Barnum found guilty of 2017 shooting death of Robert Allen, gets life sentence
After jurors deliberated for just an hour on Monday before convicting Timothy Barnum of murder in the October 31, 2017 shooting death of Robert Allen in Denison, those same jurors took about the same amount of time to decide to send Barnum to prison for life.
The 49-year-old will have to serve at least 30 years before he is eligible for parole.
First Assistant Grayson County District Attorney Kerye Ashmore said he was satisfied with the sentence.
"The verdict is justified," he said. "This was a hard working jury. We moved through about 45 witnesses and they received a lot of information over the past six or seven days and the facts that were presented equaled guilt and I don't think there was much question about in the jury's mind what needed to be done. This defendant has worked hard to wind up with a life sentence."
Ashmore's remark about Barnum working hard at going to prison for life referenced the testimony that Barnum shot his own father with the gun that authorities say was used to kill Robert Allen. Barnum also went to prison once before for attempted murder. He also had two other attempted murder charges: one incident ending in a conviction and another a guilty plea. He had also been convicted of aggravated assault with a deadly weapon twice.
Prosecutors contend Barnum didn't act alone in the killing of Robert Allen who was the father of Barnum's former girlfriend. They contended that Barnum had help killing Allen from Tyrone Sommers and wanted Allen dead because Barnum thought Allen was pushing his daughter to testify against Barnum in domestic violence cases that were pending at the time of the murder.
Tuesday, Ashmore said the charge of murder is still pending against Sommers. There is not a trial date set yet, but Ashmore anticipates it will be set soon.
"This was a very difficult case," he said. "There were a lot of moving parts to it. It was a circumstantial case. Denison Police Department, Detective (John) Watt, Texas Ranger Brad Oliver, all did a really good job and the team that we put together in the D.A.'s Office of Nathan Young, Sandye Brown, Mike Ditto were very diligent. We spent hundred of hours on this case and this is just a good example of very fine team work."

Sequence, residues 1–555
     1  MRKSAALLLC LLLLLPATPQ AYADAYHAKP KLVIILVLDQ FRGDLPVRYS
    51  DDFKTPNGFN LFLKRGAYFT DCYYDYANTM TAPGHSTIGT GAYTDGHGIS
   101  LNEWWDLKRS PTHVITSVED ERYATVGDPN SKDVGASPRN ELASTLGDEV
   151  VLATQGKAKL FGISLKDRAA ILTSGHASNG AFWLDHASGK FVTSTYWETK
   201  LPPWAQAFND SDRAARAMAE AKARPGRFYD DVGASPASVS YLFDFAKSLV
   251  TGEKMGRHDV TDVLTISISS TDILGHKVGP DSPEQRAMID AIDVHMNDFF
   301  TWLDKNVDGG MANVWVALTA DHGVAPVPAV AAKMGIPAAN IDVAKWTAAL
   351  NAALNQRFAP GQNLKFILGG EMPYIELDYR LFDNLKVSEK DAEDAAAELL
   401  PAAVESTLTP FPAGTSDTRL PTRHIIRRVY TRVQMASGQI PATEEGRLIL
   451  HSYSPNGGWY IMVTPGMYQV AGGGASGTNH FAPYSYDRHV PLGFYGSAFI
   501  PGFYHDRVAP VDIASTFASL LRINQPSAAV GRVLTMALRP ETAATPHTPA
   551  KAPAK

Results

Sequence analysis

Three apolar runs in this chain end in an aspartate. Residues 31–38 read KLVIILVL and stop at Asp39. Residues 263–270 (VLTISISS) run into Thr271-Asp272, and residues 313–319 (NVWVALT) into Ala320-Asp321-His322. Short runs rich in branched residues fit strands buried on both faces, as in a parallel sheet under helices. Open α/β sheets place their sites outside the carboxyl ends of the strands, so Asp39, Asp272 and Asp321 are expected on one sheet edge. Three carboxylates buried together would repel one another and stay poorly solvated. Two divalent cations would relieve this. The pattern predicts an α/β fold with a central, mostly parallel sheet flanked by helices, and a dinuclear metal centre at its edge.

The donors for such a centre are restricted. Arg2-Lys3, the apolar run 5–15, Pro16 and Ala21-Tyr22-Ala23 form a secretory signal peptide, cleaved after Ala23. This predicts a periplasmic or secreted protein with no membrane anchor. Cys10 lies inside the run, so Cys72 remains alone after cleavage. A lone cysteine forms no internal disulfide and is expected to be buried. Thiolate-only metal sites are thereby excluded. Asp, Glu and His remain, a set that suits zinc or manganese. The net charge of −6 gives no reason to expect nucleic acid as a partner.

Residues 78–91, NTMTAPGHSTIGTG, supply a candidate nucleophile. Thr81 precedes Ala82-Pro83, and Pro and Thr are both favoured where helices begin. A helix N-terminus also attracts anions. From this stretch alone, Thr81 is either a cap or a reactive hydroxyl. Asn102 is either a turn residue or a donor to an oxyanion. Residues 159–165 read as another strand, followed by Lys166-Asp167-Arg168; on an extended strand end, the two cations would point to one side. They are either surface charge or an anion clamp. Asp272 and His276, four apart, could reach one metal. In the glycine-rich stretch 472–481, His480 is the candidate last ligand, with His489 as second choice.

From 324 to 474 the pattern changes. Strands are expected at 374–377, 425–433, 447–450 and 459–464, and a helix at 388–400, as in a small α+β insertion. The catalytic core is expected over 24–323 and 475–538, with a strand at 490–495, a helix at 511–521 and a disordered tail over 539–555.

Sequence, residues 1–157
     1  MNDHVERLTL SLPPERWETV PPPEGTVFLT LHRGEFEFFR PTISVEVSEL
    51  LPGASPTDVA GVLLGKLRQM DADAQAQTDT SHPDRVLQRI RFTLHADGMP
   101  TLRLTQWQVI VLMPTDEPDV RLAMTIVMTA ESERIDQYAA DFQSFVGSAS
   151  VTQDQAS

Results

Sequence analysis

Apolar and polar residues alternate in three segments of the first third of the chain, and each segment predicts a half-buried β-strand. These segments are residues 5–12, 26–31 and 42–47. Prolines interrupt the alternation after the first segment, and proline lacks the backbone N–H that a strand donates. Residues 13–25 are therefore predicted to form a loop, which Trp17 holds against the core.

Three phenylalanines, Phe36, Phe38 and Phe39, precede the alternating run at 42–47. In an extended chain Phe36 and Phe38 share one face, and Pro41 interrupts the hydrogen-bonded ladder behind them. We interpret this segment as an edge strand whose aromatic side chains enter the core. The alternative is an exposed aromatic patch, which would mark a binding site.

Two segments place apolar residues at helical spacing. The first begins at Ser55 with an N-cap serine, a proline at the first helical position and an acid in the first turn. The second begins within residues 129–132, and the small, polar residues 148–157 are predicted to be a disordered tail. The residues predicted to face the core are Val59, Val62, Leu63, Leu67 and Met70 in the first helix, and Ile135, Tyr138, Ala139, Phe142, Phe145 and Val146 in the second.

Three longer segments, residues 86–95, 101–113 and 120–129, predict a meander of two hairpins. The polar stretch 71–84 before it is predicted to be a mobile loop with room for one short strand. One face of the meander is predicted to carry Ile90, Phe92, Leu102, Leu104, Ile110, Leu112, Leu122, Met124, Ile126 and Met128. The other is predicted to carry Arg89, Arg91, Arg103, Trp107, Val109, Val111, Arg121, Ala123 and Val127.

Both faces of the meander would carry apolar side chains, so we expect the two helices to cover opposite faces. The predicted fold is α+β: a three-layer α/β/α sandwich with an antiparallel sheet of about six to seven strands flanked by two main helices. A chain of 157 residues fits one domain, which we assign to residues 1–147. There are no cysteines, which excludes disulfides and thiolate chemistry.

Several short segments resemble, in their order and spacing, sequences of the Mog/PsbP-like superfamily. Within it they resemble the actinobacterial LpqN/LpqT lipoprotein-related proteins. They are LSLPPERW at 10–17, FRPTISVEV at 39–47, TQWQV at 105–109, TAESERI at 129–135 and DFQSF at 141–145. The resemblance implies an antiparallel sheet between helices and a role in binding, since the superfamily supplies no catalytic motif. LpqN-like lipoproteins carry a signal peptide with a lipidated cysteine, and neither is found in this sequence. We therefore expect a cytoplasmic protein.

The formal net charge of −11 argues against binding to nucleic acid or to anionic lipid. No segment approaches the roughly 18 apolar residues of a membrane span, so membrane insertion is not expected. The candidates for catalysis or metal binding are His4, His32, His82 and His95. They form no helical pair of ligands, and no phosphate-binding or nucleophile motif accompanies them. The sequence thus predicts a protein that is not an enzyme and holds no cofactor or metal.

Ashmore said they prepared the case for trial a number of times for a couple of reasons. The first of which was Barnum fired or attempted to fire his attorney several times as the case neared a trial date. The other was the COVID-19 pandemic.
"Obviously in the past year, it would have been very very difficult to get this tried," he said adding that it was still challenging to go through with the trial in light of all of the COVID-19 precautions like face masks and social distancing for the jurors.
"But this is the second murder case we have tried since November and I anticipate that we will continue to it with the same protocol until other people in Austin decide we don't have to anymore."
Barnum's attorney Laura Andrade said the COVID-19 protocol did make things more challenging saying the masks made it harder for people to have face-to-face exchanges and the masks plus the Plexiglas made it harder for people to hear.
"But at the same time I think we got it done fairly," she added that while she and her client disagreed with the decisions made by the jury, they accept them as a product of deliberations. She doesn't know at this point who will represent Barnum should he appeal the verdict or sentence.
She said she very much appreciated the chance to practice law in Grayson County and called it a "beautiful city, wonderful county."
In her closing arguments before the jury in the penalty phase of the trial, she had asked the jury to sentence him on the lighter end of the penalty range.
In his closing argument, Ashmore reminded jurors they heard testimony that back in 2017, Timothy Barnum was facing two domestic assault charges that were getting ready to go to trial. The victim in both of those cases was Amanda Allen with whom Timothy Barnum shares a child.
And, Robert Allen was killed because he was encouraging Amanda Allen to not drop those charges. If convicted of those charges, Ashmore said Barnum knew he would have up to life in prison.
Testimony during the punishment phase of the trial revealed Barnum had previously been convicted of two attempted murder charges and two aggravated assault with a deadly weapon charges.
During his opening in the punishment phase, Ashmore said Barnum was a "career criminal" who needed to be sent to prison for the rest of his life.